My Lords, in a Statement made in the other place on 14 March 2007, the Government fully accepted the recommendations of the Nichols review. A copy of that Statement was placed in the Library of the House. The Department for Transport and the Highways Agency have now set up a dedicated team to implement the recommendations as a priority.
My Lords, I am grateful to my noble friend for that Answer. He will be aware that the Nichols report states that the cost estimates of Highways Agency schemes have gone up by 25 per cent in 18 months. Does he agree that that is a worse escalation than took place in the worst days of Railtrack, which caused the Government of the day to put a moratorium on investment? Would my noble friend consider putting a moratorium on road investment until the Nichols team has got going and satisfied him that the costs are under control?
My Lords, we are extremely grateful to Mr Nichols for his work. There were problems in early scheme development, which is why the review was set up. We now have a team to deliver the Nichols review recommendations as a priority, and we anticipate that the majority of them will be implemented by the end of the financial year. For those reasons, it would be very ill-advised to order a moratorium on spending.
My Lords, following on from the question put by the noble Lord, Lord Berkeley, I too would not want to see a moratorium on investment in road improvements. I am concerned that, because of the tremendous escalation in costs revealed by Nichols, road schemes might not be started or will be cancelled. Can the Minister assure us that planned road schemes will continue according to the current programme?
My Lords, that is indeed the case. Since 2001, 45 major schemes have been completed, 21 schemes are under construction and the Highways Agency’s current programme comprises 67 schemes each worth over £5 million. We are cracking on with important road improvements.
My Lords, has not the Nichols report been supplemented by a further report from the National Audit Office showing that the costs of a number of road schemes are now completely out of control? The worst example is probably the A3 improvement at Hindhead, which is now running at 247 per cent over the original estimate. Bearing in mind that my noble friend’s department has cancelled very good tramway and light-rail schemes in places such as Leeds, Liverpool and south Hampshire, is it not time that we had a proper value-for-money study of road schemes against public transport?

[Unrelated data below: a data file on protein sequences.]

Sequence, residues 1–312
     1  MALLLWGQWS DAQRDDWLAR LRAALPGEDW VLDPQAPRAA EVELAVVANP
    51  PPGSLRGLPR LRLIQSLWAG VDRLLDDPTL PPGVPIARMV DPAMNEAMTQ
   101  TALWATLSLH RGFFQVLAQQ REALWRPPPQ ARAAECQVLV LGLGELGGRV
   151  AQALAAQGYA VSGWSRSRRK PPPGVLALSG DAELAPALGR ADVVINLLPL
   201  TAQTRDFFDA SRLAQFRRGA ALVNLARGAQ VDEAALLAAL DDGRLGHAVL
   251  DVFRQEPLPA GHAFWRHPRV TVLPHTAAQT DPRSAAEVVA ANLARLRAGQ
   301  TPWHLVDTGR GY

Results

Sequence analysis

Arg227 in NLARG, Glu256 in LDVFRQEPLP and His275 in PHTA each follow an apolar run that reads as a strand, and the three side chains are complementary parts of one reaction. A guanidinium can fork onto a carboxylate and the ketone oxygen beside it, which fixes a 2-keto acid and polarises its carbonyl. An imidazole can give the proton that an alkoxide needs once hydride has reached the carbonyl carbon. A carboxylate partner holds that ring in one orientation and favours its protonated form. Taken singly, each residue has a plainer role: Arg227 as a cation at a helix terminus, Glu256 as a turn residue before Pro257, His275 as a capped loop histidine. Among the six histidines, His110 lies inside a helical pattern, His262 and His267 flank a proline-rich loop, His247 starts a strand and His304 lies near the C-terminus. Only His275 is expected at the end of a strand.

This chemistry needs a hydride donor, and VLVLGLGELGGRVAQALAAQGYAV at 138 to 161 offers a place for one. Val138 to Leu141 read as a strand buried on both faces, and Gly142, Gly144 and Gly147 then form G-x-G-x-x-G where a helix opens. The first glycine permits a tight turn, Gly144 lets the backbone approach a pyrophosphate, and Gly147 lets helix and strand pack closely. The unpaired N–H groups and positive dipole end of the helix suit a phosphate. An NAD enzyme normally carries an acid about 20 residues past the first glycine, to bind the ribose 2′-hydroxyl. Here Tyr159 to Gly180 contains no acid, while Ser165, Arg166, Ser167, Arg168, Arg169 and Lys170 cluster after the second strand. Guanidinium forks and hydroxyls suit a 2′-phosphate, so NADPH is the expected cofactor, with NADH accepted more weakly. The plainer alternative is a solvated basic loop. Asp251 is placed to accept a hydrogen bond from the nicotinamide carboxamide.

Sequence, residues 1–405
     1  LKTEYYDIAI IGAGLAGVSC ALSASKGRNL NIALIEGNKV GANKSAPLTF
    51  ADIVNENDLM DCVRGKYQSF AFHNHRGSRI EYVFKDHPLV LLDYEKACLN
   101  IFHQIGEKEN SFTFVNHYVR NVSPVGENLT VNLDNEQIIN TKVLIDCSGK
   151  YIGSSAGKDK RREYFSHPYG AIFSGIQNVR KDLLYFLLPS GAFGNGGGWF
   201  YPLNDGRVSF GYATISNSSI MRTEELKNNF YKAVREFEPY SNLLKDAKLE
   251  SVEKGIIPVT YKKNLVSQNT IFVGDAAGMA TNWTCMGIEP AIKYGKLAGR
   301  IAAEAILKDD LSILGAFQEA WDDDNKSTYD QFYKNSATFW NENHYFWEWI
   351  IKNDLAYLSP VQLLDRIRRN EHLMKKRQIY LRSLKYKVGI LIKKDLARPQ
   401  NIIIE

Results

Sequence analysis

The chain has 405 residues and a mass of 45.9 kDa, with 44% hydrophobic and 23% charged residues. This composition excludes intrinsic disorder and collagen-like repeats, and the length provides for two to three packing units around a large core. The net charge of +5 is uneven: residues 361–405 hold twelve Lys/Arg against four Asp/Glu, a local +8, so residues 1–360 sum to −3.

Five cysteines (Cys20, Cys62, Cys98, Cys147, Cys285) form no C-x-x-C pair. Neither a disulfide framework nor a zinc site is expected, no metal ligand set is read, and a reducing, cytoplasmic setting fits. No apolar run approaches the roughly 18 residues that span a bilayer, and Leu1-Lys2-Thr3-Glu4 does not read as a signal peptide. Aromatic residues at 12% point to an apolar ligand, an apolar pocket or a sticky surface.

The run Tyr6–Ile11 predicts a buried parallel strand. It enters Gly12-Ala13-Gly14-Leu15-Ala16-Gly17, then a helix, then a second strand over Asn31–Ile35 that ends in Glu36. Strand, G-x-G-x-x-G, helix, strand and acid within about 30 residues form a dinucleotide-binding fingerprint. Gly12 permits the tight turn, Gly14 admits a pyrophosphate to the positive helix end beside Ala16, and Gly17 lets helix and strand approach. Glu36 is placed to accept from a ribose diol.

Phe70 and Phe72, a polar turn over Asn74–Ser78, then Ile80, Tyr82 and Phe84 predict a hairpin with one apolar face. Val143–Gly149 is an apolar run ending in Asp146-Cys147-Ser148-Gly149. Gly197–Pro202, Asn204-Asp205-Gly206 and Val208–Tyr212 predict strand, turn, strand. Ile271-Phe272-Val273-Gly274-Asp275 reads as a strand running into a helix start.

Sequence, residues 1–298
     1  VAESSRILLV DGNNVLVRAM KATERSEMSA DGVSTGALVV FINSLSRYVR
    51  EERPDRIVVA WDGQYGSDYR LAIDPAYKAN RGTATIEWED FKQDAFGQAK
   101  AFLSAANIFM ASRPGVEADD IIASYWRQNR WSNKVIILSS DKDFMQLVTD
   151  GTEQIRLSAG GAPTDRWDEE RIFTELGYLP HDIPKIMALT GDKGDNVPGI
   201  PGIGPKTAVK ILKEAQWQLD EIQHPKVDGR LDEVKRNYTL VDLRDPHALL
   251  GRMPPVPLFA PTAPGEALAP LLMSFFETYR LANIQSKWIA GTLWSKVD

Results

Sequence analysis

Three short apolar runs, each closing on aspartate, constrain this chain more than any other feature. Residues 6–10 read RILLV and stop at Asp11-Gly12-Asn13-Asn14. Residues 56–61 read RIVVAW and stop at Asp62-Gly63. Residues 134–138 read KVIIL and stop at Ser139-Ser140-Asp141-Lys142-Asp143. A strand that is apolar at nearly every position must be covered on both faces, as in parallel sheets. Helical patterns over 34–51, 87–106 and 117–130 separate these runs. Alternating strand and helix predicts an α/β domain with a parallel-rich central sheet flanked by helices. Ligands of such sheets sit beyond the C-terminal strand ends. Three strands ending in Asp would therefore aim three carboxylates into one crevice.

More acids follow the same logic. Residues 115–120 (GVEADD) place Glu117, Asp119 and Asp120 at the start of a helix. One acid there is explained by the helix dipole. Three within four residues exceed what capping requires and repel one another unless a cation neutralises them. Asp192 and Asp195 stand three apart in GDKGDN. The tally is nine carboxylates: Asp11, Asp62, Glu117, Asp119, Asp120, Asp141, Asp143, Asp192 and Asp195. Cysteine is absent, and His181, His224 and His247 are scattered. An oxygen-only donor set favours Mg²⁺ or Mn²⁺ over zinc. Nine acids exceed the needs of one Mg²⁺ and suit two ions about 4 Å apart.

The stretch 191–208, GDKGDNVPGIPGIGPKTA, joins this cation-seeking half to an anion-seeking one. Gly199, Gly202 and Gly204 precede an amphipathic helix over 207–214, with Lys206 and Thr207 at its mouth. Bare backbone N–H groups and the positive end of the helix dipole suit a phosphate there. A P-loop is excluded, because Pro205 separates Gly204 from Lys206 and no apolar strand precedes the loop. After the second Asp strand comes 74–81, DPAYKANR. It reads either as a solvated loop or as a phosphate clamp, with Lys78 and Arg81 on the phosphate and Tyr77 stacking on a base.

My Lords, the department is extremely conscious of its obligation to secure value for money. For both road and public transport schemes, we require that a cost increase be subject to a reappraisal to ensure that the scheme still offers value for money at the higher cost. Many road schemes retain high value for money despite cost increases. Tram schemes are in much the same position where lower cost alternatives are available.
My Lords, the Government’s method for reducing the demand for roads is by introducing road pricing. Where are they on their plans to trial road pricing? Under any such trials, how will they ensure that the personal privacy of drivers, in terms of where they have been driving, is protected?
My Lords, I am not able to supply the detail for which the noble Lord asks today. We are looking at road pricing; it has been a constant theme in policy development in recent years. Like everyone else, we value and respect people’s personal privacy.
My Lords, are comparisons being made between the cost-effectiveness of further investment in widening roads and that of further investment in the railways? On the east coast, a great deal has been invested in roads to help in transporting containers from east-coast ports to the north and so on, but we are not investing in railways, which could take a lot of that heavy transport. Is the cost-effectiveness of investment in roads being compared to that of rail investment within a single budget?
My Lords, I do not like to say it, but that is a simplistic way of looking at things. We must look at each scheme to ensure that it secures value for money. I understand the road-versus-rail argument, but in a complex modern economy we require both. That is why we invest heavily in rail and road networks.
My Lords, that interesting development is to be applauded. I am sure that we would all like to see more freight going on to the railway network, and we have ensured that since we have been in government. In the past 10 years—my noble friend Lord Berkeley can probably confirm the figure—freight on rail has increased by some 60 per cent.
My Lords, perhaps I can help my noble friend by saying that there has been a 60 per cent increase in rail freight. I declare an interest as chairman of the Rail Freight Group. In response to my noble friend Lord Faulkner’s question about the Hindhead bypass cost escalation, the Minister said that any project in which there had been a serious cost escalation would be subject to a review. Has there been a recent review of that project to determine whether it still offers value for money?